Monday, September 26, 2022

O’Toole warns Canadians not to be safe in China after court upholds death penalty

OTTAWA – Federal conservative leader Erin O’Toole accused Beijing of using the death penalty for political purposes on Tuesday after a Chinese court upheld the death penalty of a Canadian man in a drug case.

O’Toole also reopened the door to a Canadian boycott of next year’s Winter Olympics in China, warning of recent actions by the Chinese government, saying Canadians are not safe in the country.

“I know how hard our athletes are training for Beijing,” the Conservative leader said during a news conference in Oakville, Ont. “But we are reaching a point where it will no longer be safe for Canadians, including Olympic athletes, to travel to China.”

O’Toole’s remarks came hours after the Higher People’s Court of Liaoning Province in the north-east rejected an appeal by Robert Schellenberg, whose drug trafficking charge extended his 15-year prison term to death in January 2019. was given.

This was followed by the arrest of Huawei Technologies Ltd executive Meng Wanzhou in Vancouver in December 2018 on US charges of lying to the Hong Kong branch of British bank HSBC about possible dealings with Iran in violation of trade sanctions.

China also arrested and later prosecuted two other Canadians, entrepreneur Michael Spavor and former diplomat Michael Kovrig, on charges of espionage in retaliation for Meng’s detention. Critics have described his arrest as “hostage politics”.

Meng’s lawyers argue that the case against Huawei’s chief financial officer is politically motivated and that what he is accused of is not a crime in Canada.

The Chinese government has criticized the arrests as part of US efforts to hinder its technology development. Network equipment and smartphone maker Huawei is China’s first global tech brand and is at the center of US-Chinese tensions over technology and security.

The federal government criticized Tuesday’s decision calling the death penalty for Schellenberg arbitrary and calling the punishment “brutal and inhumane.”

“We condemn the decision in the strongest terms and call on China to grant Robert a clemency,” Ambassador Dominic Barton told reporters by phone after attending the appeals hearing in Shenyang, about 20 kilometers west of Dandong.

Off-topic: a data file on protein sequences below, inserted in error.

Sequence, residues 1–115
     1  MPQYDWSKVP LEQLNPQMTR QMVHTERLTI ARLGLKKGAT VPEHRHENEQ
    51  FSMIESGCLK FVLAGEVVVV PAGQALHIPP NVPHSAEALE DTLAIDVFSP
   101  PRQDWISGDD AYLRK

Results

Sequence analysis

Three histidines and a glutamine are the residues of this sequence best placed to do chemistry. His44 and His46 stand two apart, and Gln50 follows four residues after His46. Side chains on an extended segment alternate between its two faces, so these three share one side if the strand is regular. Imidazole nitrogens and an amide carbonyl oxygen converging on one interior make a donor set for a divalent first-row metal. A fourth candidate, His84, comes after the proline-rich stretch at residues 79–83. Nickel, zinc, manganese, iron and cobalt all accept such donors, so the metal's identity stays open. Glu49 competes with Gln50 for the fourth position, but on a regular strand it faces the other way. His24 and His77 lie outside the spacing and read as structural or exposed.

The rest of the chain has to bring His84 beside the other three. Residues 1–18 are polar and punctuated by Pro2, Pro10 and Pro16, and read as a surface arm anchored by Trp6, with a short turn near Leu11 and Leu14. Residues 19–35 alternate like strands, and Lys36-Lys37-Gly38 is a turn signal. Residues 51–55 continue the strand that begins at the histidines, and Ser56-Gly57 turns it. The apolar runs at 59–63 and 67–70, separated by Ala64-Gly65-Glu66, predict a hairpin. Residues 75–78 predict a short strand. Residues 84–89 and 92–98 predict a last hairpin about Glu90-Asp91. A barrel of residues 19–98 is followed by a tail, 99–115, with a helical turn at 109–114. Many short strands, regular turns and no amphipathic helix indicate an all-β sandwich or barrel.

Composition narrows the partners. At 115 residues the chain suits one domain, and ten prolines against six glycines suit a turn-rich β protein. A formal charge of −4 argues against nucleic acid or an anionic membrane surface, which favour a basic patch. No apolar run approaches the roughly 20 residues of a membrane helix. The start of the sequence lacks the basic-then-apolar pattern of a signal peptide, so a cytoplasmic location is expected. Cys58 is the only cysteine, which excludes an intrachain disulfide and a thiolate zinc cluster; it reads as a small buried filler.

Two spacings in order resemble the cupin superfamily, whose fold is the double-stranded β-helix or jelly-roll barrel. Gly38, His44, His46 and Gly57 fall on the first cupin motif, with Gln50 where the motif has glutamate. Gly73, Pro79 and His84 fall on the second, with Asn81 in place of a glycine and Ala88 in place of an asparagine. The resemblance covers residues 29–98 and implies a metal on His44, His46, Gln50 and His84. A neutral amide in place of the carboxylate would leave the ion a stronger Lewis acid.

According to the court, Schellenberg was convicted of smuggling 222 kilograms of methamphetamine.

O’Toole, who has been pressing Prime Minister Justin Trudeau’s Liberal government to take a tougher stance with Beijing, wasted no time on Tuesday criticizing the Chinese court’s rejection of Schellenberg’s appeal.

“The dismissal of Robert Schellenberg’s appeal must be seen for what it is: a foreign government planning to take the life of a Canadian for political reasons,” he said. “The use of the death penalty is abhorrent. But imposing it for political reasons is inexcusable.”

He said Canadians will be watching as a separate Chinese court is expected to issue its ruling in Spavor’s case on Wednesday, even as a Vancouver court is set to hear a final argument on whether Meng should be handed over to US officials.

“We are proud of our athletes that we are celebrating,” O’Toole said. “But we also have to recognize the actions of a country that wants to host the Games to bring people together. And we have to think long and hard about whether we reward a country like this with the Games.

Canada and other governments, including Australia and the Philippines, are facing mounting Chinese pressure, including a trade boycott in disputes over human rights, the coronavirus and territorial claims.

Washington has warned Americans that they face “a great risk of arbitrary detention” in China for reasons other than enforcing the law.

Asked whether the Schellenberg, Spavor and Kovrig cases were linked to Meng, Barton said, “I don’t think it’s a coincidence that it’s happening right now while events are going on in Vancouver.” He said the matter was “part of the geopolitical process.”

He said Canadian diplomats spoke with Schellenberg after the decision but declined to provide details.

“He’s remarkably composed,” Barton said. “We had a good conversation.”

According to Barton, diplomats from the United States, Germany, Australia and France attended Tuesday’s hearing. He thanked him and other governments for expressing support for Canada.

Two other Canadians, Fan Wei and Xu Weihong, were also sentenced to death on drug charges in separate cases in 2019 as relations between Beijing and Ottawa soured.

by Lee Barthium

With files from The Associated Press.

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This News Originally From – The Epoch Times

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